1. I'm an old softie at heart and often wish I had the strenth of will to be a vegetarian but I'm not. And where do you draw the line? Milk products are only available because cows are put in calf and then what happens, the male calves killed at birth and the females raised to continue the cycle. In the UK it is illeagal to kill and butcher animals anywhere except at a lisenced abbatoir. As regulations and official insepection fees become more onerous small local abbatoirs are closing down resulting in stock having to be transported long distances (12 hours is not unusual). The government still has not banned the live export of meat to Europe which causes great cruelty. We used to buy 1/4 of a pig raised free range at a farm 1 mile away and slaughtered only a couple of miles away. Then feed got so expensive the farmer could no longer raise pigs, and the nearest abbatoir is over an hour away. The best I can do now, (not being able to afford local farm shops), is to make sure that all the meat we buy is at least British raised to Freedon Food standards. And of course when the hens stop laying I only buy free range eggs.

  2. Very nice post. Food Inc. was one of the movies I was going to lend to you over the long snowy winter, but our plans fell through (due to weather) for the seed swap. I think it should be mandatory viewing for everyone.

    Speaking of killing and processing animals, I am still enjoying the 25 Cornish Rock crosses that we raised in the late summer (and plan to do it again this summer). In fact, I just put a bird in the oven about thirty minutes ago after marinating in a ginger sesame seed sauce for most of the day. Not sure if I mentioned it or not but we let several of our hens hatch some eggs over the late summer and ended up with a few dozen more chickens, about half of which were roosters. They were all Buff Orpington and Buff Orpington/Black Australorpe crosses. Once they matured and started giving my hens a hard time I put them in the freezer too. Although the birds were quite a bit smaller than those Cornish Rock crosses, they are still tasty and make great chicken soup or chicken and dumplings.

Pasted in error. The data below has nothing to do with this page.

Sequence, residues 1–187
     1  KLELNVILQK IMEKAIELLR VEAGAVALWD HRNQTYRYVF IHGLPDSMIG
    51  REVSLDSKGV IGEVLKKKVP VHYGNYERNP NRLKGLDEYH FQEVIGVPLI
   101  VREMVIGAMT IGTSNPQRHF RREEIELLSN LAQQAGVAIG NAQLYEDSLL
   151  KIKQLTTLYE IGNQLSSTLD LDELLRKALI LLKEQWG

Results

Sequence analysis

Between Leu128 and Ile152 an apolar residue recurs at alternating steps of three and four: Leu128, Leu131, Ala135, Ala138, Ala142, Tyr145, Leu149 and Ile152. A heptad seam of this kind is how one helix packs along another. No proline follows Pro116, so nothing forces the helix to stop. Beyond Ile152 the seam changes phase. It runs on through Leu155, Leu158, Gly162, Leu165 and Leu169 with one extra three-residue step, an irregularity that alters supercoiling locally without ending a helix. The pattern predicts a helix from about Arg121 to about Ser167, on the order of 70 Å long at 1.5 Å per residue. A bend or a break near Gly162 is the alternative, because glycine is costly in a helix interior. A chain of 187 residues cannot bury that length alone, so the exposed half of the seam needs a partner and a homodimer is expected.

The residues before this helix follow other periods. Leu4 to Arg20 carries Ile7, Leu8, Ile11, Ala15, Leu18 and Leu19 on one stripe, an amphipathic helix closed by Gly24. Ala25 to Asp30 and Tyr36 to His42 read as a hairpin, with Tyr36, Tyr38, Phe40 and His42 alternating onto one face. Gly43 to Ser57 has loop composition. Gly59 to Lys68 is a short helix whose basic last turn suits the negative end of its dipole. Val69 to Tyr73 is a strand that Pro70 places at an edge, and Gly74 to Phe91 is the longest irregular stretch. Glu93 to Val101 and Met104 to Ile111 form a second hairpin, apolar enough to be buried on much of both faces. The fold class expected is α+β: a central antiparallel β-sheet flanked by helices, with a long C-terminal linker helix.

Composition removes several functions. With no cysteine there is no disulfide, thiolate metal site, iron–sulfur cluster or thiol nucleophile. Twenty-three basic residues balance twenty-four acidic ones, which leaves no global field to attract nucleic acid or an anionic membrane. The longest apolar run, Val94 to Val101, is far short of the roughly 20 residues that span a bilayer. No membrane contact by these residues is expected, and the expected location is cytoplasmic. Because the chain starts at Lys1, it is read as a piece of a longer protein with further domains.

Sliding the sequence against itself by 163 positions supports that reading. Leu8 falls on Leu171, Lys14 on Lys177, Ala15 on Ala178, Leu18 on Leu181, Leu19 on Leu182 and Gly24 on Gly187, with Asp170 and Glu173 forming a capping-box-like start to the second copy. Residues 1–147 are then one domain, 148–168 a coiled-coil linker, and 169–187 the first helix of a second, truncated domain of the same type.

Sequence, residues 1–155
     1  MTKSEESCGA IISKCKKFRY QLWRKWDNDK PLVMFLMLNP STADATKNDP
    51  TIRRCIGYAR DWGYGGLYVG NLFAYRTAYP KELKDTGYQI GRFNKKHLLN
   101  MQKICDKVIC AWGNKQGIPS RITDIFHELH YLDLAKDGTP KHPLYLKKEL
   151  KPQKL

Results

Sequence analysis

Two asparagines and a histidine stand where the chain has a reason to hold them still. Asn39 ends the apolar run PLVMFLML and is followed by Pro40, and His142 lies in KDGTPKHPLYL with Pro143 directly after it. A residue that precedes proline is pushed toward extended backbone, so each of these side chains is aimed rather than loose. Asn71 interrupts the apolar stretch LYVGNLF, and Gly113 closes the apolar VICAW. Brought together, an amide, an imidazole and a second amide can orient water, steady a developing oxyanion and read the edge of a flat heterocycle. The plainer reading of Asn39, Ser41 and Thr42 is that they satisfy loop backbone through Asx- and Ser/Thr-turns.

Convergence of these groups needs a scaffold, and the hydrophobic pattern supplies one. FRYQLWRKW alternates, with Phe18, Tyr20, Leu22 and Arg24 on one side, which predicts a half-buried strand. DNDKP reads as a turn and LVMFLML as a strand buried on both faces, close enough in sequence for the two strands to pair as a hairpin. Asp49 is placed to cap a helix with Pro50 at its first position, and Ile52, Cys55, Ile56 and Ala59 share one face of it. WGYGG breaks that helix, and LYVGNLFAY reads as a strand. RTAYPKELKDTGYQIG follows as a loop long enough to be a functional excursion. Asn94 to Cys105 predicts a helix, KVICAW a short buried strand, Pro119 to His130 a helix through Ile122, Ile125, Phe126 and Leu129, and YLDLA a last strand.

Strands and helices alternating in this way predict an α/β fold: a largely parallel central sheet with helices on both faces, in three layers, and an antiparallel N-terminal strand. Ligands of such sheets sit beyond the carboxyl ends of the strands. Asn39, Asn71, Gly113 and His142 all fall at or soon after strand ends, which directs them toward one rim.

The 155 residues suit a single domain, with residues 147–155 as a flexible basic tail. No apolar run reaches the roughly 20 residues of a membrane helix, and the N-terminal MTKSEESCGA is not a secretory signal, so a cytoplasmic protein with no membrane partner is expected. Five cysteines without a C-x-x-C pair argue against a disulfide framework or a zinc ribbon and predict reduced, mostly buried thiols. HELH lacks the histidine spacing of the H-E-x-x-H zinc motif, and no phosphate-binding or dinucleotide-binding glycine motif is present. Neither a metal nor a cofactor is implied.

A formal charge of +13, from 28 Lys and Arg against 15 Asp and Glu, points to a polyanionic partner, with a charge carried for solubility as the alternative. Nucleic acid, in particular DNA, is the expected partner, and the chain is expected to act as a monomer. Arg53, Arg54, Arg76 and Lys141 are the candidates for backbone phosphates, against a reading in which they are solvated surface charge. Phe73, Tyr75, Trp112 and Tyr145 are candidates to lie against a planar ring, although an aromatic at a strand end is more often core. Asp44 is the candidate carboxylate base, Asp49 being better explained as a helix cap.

It is unbelievable what Ruta said about it being against the law in the U.K. to butcher your own animal. How could the people let that happen? I would hope that the rural folk here in the U.S. would stand up to any such government abuse of power.

  3. You're still trying to get me to raise chickens and cows over here, aren't you. You're so subtle! Heh. Seriously, the killing part of raising livestock is absolutely the part that keeps me from making more of a push in that direction. Laying hens eventually need to be killed, and while my parents both knew how to kill a chicken, they certainly never taught me.

    Read someone else's blog today about a book called "Kitchen Literacy." Sounds like it's right up our alley.

    Love the new header photo. LOVE IT!

  4. I remember as a little girl going to my "aunt and uncle's" (a respectful title, not a blood relative) to butcher the pigs. I remember the killing and the scalding and the hanging...all the details...and wasn't repulsed at all. I knew it was food just as I knew the chickens we ate there had once run around in the yard. My only regret is that I didn't learn the ins and outs and didn't get to continue that lifestyle. blessings, marlene